Healthy eating. We all know what that means: no added salt, no added sugar, no added fats. We know it, and it makes us grimace. If I were forced to that awful diet, my first step would be to caramelize a heaping mound of onions. I crave for those added chemical wonders that make food sparkle.
Well, to be accurate, it’s the first two I think I need: salt and sugar. It’s elemental that salt adds a new dimension to food. And sugar. I do love the crinkly sweetness of granulated, the seductive smoothness of confectioners, and the molasses underpinnings of browns. I have to have all those.
But fat? Ah, it’s easier to dispense with fat. Think about it, fat is not pleasant. Imagine a piece of bacon streaked with that opaque, sticky substance that does not even taste good. It’s hard to put in your mouth.
Uh, actually, oh dear, it’s the other way around. It’s good to put in your mouth. It can be very good. And fat includes butter. Certainly all those combinations of butter and chocolate we bake are essential for human life.
So, just how are we to think about fat? Why do we have such a schizophrenic view of fat and how did we all get to this point? Jennifer McLagan has appetizing answers in her wonderful new book, Fat, An Appreciation of a Misunderstood Ingredient with Recipes.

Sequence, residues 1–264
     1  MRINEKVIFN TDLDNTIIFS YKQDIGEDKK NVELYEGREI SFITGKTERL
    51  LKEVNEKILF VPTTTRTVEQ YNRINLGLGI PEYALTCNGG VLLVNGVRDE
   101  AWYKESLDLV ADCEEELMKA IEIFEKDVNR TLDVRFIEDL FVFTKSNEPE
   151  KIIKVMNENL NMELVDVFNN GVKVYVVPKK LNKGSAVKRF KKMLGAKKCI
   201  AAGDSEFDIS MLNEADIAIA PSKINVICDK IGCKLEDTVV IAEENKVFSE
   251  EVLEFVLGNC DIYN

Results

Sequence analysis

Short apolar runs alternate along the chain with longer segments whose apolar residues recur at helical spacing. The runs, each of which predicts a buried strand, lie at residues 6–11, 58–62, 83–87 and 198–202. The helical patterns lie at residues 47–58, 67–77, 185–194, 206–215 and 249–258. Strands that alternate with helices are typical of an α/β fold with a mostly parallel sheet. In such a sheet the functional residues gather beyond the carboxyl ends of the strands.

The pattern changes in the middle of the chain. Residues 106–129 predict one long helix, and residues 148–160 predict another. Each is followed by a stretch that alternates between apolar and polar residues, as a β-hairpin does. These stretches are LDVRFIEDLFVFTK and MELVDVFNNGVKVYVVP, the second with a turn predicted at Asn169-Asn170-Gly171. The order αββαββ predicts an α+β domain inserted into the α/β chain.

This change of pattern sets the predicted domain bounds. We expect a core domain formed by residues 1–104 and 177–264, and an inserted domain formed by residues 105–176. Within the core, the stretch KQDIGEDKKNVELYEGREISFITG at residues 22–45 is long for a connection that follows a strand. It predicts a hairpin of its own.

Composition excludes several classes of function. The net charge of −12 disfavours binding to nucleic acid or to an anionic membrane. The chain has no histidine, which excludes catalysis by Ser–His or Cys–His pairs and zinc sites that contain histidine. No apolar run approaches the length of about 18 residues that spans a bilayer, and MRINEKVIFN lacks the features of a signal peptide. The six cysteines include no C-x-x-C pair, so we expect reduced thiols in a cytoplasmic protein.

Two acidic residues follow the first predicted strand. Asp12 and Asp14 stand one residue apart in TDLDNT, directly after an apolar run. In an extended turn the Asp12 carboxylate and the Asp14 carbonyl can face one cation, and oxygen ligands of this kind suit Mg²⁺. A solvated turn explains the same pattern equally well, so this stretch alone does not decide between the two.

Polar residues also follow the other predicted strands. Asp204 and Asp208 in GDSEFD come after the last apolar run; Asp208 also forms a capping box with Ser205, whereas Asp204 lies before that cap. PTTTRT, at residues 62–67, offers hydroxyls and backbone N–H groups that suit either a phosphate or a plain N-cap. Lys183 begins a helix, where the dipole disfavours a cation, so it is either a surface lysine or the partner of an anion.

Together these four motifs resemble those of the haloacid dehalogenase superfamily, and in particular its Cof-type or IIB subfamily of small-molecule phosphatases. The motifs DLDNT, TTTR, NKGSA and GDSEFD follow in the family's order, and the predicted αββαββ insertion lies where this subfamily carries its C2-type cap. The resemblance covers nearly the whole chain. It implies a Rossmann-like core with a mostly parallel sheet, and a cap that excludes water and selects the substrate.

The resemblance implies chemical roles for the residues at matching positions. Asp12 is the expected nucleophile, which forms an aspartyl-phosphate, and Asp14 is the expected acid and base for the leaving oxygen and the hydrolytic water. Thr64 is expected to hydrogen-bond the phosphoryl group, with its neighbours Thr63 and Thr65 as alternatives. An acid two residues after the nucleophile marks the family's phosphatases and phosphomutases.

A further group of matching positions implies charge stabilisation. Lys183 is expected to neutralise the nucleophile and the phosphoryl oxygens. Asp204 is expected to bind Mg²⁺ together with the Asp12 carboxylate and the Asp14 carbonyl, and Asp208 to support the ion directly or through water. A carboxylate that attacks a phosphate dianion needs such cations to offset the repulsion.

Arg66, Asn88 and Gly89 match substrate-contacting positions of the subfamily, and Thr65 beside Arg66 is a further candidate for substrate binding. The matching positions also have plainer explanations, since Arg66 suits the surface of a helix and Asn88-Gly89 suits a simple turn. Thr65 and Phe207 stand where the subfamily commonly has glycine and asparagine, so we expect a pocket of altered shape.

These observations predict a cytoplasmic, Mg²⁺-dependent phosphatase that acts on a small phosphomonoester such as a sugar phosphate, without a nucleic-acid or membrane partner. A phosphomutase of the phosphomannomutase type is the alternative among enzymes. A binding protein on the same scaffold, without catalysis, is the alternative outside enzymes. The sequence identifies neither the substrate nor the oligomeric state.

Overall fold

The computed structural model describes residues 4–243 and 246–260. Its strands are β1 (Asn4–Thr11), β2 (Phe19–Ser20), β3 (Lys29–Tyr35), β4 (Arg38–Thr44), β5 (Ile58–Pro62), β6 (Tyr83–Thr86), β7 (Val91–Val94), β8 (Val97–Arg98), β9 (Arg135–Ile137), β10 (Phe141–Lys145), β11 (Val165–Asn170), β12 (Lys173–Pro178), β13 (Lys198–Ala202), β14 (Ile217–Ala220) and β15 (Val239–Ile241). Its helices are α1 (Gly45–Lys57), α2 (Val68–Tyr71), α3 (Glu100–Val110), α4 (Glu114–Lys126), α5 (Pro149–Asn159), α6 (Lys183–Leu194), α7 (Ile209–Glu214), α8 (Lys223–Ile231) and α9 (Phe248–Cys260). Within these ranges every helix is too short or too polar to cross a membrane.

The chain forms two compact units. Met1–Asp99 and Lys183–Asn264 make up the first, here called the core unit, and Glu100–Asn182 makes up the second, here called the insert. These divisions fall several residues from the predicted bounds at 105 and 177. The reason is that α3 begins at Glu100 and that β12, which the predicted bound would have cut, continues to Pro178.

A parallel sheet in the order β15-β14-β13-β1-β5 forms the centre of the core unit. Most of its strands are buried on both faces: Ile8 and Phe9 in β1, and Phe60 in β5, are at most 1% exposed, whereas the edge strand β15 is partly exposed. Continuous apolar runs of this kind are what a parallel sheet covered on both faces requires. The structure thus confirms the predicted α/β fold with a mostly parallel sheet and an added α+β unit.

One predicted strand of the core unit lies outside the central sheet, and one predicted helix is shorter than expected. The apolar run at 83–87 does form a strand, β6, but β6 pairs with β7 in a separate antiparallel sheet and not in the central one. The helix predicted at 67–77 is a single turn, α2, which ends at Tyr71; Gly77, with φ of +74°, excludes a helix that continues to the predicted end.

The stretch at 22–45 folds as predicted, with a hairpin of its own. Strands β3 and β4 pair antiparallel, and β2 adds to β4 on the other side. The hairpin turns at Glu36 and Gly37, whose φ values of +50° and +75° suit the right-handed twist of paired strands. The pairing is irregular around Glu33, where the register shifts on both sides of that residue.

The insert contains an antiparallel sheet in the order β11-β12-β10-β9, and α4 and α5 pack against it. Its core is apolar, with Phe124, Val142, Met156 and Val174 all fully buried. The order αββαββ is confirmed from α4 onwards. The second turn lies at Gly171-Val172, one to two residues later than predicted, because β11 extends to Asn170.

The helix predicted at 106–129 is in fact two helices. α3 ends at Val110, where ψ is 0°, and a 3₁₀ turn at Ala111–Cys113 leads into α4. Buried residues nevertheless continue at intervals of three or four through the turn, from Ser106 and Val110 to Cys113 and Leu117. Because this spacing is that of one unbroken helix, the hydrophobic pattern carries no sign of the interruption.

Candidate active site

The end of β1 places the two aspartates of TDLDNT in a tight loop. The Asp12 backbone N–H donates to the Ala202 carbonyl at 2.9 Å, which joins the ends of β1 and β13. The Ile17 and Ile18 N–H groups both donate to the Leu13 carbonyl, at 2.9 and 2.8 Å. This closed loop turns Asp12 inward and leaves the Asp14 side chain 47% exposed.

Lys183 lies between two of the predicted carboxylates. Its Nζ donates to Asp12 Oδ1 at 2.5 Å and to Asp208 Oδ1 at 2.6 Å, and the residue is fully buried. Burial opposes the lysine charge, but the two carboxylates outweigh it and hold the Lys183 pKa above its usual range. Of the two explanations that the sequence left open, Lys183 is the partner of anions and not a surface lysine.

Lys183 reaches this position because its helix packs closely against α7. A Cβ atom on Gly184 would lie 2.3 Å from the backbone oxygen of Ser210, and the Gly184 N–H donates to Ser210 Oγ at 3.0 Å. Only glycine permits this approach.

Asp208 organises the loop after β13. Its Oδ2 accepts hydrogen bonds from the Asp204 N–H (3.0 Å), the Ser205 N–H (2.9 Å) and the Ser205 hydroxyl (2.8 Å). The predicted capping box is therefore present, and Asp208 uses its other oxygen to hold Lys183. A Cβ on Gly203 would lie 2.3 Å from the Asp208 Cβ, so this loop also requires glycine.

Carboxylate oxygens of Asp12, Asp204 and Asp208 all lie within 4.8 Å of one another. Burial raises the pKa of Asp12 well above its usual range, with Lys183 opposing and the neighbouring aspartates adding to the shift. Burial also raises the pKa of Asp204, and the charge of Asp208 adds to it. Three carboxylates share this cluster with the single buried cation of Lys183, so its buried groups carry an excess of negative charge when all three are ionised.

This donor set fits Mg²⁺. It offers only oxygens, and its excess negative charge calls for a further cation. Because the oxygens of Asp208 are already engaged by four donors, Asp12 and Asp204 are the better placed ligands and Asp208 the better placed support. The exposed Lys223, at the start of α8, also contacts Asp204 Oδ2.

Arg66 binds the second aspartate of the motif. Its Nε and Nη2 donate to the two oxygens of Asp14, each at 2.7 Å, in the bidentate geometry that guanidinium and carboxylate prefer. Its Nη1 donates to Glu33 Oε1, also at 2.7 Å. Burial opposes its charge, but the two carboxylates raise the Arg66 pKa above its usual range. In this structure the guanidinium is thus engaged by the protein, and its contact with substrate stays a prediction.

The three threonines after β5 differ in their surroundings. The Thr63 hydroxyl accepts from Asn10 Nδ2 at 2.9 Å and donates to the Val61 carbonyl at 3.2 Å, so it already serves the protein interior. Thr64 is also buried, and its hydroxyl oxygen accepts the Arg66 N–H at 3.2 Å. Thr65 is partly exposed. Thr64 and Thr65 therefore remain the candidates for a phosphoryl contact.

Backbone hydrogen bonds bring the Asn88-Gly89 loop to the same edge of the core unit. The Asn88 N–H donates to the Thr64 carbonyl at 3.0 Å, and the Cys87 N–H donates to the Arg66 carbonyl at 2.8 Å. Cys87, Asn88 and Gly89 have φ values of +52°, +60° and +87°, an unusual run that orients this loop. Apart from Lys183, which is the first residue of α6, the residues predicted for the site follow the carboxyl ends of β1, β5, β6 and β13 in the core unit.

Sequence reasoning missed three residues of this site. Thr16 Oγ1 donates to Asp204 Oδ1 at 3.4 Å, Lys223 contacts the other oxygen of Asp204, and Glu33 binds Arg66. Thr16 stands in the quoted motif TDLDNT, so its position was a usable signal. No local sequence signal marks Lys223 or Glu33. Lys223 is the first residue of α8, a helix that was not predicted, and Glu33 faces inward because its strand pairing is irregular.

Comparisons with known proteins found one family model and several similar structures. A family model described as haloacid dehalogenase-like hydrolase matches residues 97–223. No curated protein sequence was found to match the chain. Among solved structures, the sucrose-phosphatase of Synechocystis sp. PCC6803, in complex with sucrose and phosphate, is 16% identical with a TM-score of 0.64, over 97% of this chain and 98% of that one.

Fat is a marvelous encyclopedia about this most abused ingredient. I don’t often read the introduction in a cook book, but this one is different. McLagan deftly and succinctly tackles key questions: what is fat actually, what fats are truly good and truly bad for you, what is the history of fat in the kitchen, how did fat lose it luster, and why is it important for us all to cook with fat now?
Fat convincingly tells us that when well used and consumed in the right proportions, fat is essential and necessarily good for us. Cooking with real animal fat produces food that tastes better, food that we naturally consume less of, and food that far better meets our nutritional needs.
McLagan states that, “Eating is essential to life…It should be a happy experience, not a tortuous one.” She offers four recipe-filled chapters devoted to the key animal fats that we’ve been pushing aside for decades: butter, pork fat, poultry fat, and beef and lamb fats. Each chapter has a bevy of side notes with added detail and history. The book entices you to read it, and, once you have, you will be a fat expert and a fat convert.
You will also be a satisfied eater. Suzen and I sampled some savory recipes and had delicious results. The Simple Roast Chicken instantly reminds you of Paris. The Poached Shrimp with Beurre Blanc and Spinach will, for just a moment, induce fantasies of opening up your own restaurant. With taste this good, how could you fail?
Fat is such a wonderful book that it stays on our counter top. We’ve more recipes marked to explore. With snow on the ground already at our weekend home, Fat is where we turn for warmth, comfort, and exceptional taste.